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Ghanaian Currency to Reach Eight-Month High by December

Nov. 15 (Bloomberg) -- Ghana’s cedi will rise to the highest in eight months by the end of the year as measures put in place by the central bank to support the currency continue, according to the Finance and Economic Planning Ministry.

The cedi’s depreciation for 2012 will be 11 percent, the ministry said in an e-mailed statement today. That will see the currency trade at 1.8421 a dollar, based on calculations made using data compiled by Bloomberg. The cedi last traded at this level on April 23, according to the data.

“Our forecast is based on the measures implemented by the central bank and the impact so far,” Abdul Hakim Ahmed, a spokesman at the ministry, said by phone today. “The measures will continue to the end of the year.”

The Bank of Ghana increased its policy interest rate by 2.5 percentage points this year to 15 percent and held it at that level for a second straight time yesterday. The central bank also asked lenders to keep more reserves in cedis and reintroduced Treasury bills with maturities of 30, 60 and 270 days to get extra cedis off the local market. It also accepted higher yields on 91- and 182-day offers.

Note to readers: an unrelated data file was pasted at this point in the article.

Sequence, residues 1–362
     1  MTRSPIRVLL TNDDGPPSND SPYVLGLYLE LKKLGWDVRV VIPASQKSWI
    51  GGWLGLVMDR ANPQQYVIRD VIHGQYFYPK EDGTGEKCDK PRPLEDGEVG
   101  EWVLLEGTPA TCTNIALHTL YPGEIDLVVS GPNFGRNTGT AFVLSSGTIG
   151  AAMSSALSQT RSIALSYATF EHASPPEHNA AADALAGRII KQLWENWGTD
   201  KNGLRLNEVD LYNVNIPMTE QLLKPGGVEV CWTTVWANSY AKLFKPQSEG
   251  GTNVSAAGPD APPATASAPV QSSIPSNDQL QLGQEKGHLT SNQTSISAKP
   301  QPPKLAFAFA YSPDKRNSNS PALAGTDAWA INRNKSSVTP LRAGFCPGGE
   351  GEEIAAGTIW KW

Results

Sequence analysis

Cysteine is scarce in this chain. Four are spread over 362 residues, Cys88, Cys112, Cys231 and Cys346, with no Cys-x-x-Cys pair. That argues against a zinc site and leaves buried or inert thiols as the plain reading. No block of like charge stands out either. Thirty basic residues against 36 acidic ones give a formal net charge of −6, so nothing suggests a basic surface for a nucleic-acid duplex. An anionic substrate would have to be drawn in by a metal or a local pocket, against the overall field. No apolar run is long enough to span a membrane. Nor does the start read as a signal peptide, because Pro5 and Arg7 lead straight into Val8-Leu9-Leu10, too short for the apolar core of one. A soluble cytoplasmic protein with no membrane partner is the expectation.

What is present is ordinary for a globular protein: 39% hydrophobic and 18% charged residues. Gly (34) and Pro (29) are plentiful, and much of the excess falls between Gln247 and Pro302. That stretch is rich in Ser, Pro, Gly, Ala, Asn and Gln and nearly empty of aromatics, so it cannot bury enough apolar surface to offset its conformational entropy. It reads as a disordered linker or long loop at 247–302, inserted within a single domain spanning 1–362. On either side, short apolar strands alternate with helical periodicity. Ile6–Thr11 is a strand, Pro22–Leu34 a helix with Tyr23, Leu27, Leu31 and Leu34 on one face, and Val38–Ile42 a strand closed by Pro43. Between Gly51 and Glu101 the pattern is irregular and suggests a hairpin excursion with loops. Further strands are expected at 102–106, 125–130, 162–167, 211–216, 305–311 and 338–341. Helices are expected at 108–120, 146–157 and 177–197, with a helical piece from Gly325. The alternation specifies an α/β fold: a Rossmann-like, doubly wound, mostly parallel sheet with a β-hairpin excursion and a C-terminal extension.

The cedi, which fell 15 percent to the dollar in the first half of the year, has since appreciated 3.2 percent. It gained 0.1 percent to 1.8788 a dollar by 12:10 p.m. in Accra.

The currency of the second-biggest economy in West Africa will strengthen 1 percent in the last quarter of this year, according to the ministry.

To contact the reporter on this story: Moses Mozart Dzawu in Accra at mdzawu@bloomberg.net

To contact the editor responsible for this story: Emily Bowers at ebowers1@bloomberg.net

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